CCTV cameras captured the moment a railroad worker saved the life of a child who slipped and fell onto the tracks at a station in Mumbai.Source: CNN
Joy & Wonder
A fox family with seven babies living under an Etobicoke home shed are now the unsuspecting stars of their own ongoing movie. Toronto couple Jason Tremblay and Katelyn Darlington, both paramedics in Peel, are live-streaming on YouTube the comings and goings of the red fox father, black fox mother and their seven kits, which they discovered in their backyard two weeks ago.
In moments of peril, superheroes don’t hesitate, they leap into action. And so, it seems, do little boys if their baby sister’s life depends on it. When 8-year-old Jaxson Dempsey realized his 20-month-old sister Lelia was choking on a chicken nugget, he didn’t panic. Instead, he calmly directed his dad to pull over the car they were driving in and proceeded to dislodge the obstruction from Lelia’s airway. Jaxson said he’d learned the lifesaving technique from watching WWE superstar John Cena perform the maneuver on an episode of the Nickelodeon show The Substitutes. Jaxson’s father Matt has nothing but gratitude for his son, whose quick thinking staved off a potential tragedy. “I couldn’t hear her because she was choking. She wasn’t coughing; she wasn’t panicking. She just had no air going through; she wasn’t breathing,” Dempsey told WNEP-News. “Thank God Jaxson was there because, without him, I don’t know if Lelia would be here.” While kudos were the last thing on Jaxon’s mind for doing what came naturally when his sister needed him, they’ve been rolling in nonetheless ever since.
A patient with a genetic form of childhood blindness gained vision, which lasted more than a year, after receiving a single injection of an experimental RNA therapy into the eye. The gene editing research was conducted at the Perelman School of Medicine in the University of Pennsylvania. Results of the case, detailed in a paper published April 1 in Nature Medicine, show that the treatment led to marked changes at the fovea, the most important point of human central vision. In the international clinical trial, participants received an intraocular injection of an antisense oligonucleotide called sepofarsen. This short RNA molecule works by increasing normal CEP290 protein levels in the eye’s photoreceptors and improving retinal function under day vision conditions. The treatment was designed for patients diagnosed with Leber congenital amaurosis (LCA) — an eye disorder that primarily affects the retina — who have a CEP290 mutation, which is one of the more commonly implicated genes in patients with the disease. Patients with this form of LCA suffer from severe visual impairment, typically beginning in infancy.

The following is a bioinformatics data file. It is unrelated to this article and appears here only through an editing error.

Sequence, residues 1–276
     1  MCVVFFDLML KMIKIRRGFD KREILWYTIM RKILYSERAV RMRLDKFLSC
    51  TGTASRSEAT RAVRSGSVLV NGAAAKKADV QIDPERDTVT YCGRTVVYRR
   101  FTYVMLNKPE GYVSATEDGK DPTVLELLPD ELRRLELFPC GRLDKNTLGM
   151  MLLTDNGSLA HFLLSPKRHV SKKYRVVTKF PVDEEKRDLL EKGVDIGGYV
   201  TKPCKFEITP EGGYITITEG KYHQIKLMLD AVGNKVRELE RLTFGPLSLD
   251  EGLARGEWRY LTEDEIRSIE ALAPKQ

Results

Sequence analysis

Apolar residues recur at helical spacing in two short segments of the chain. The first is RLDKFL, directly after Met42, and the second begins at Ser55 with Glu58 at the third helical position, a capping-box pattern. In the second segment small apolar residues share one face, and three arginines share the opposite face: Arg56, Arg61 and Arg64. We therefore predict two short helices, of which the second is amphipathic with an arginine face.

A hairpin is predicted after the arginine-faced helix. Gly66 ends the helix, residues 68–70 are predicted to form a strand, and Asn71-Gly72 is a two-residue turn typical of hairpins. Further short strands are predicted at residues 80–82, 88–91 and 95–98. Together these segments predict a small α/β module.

In the country’s oldest science fair, 17-year old high schooler Dasia Taylor submitted a surgical suture that changes colors to warn of possible infections. This invention, aimed at helping surgery patients in Africa detect infections before they become serious, elevated Dasia into the 40 finalists of the national Regeneron Science Talent Search. The sutures are the perfect solution to a problem which Smithsonian Magazine summarizes—where not only are post-surgical infection rates typically higher in Africa, but expensive, smartphone-based infection early warning systems aren’t practical in many African countries where basic cell phones are widely used, but not smartphones. Beginning her project back in 2019 in her chemistry class at Iowa City West High School, the process from theory to practice ended up winning Dasia several regional science fair prizes. Her method uses beetroot, famous as any cook knows for turning everything red and purple. The pH of our skin is acidic and averages at 5, while an infected wound raises that pH to a level of 9, and as it turns out beets change color from candy apple red to deep purple as the pH level of its environment grows.
When a wildfire destroys the forest on your property, what are your options for restoring what has been lost? DroneSeed will fly a squadron of seed-dispersing aerial robots to lay the foundations for a new forest atop ones that have been torched. Carrying 57 pounds of tree seeds, the drones weigh over 100 pounds in total, and operate in teams of five using satellite-guided software to identify hundreds of “microsites”—areas where trees will be expected to grow the best. Holders of the only Federal Aviation Administration license for operating “heavy lift drone swarms,” DroneSeed can seed the ground 6x faster than hand-planting seedlings can—covering around 40 acres per day at a cost of around $275 to $400 per acre. This may seem like a lot, but as well as saving a huge amount of time—a lot of the cost can be offset with discounts offered by DroneSeed if they can successfully offer the land’s reforestation as carbon credits on the global carbon market. This can help make the cost of planting seedlings 60-70% less than traditional reforesting.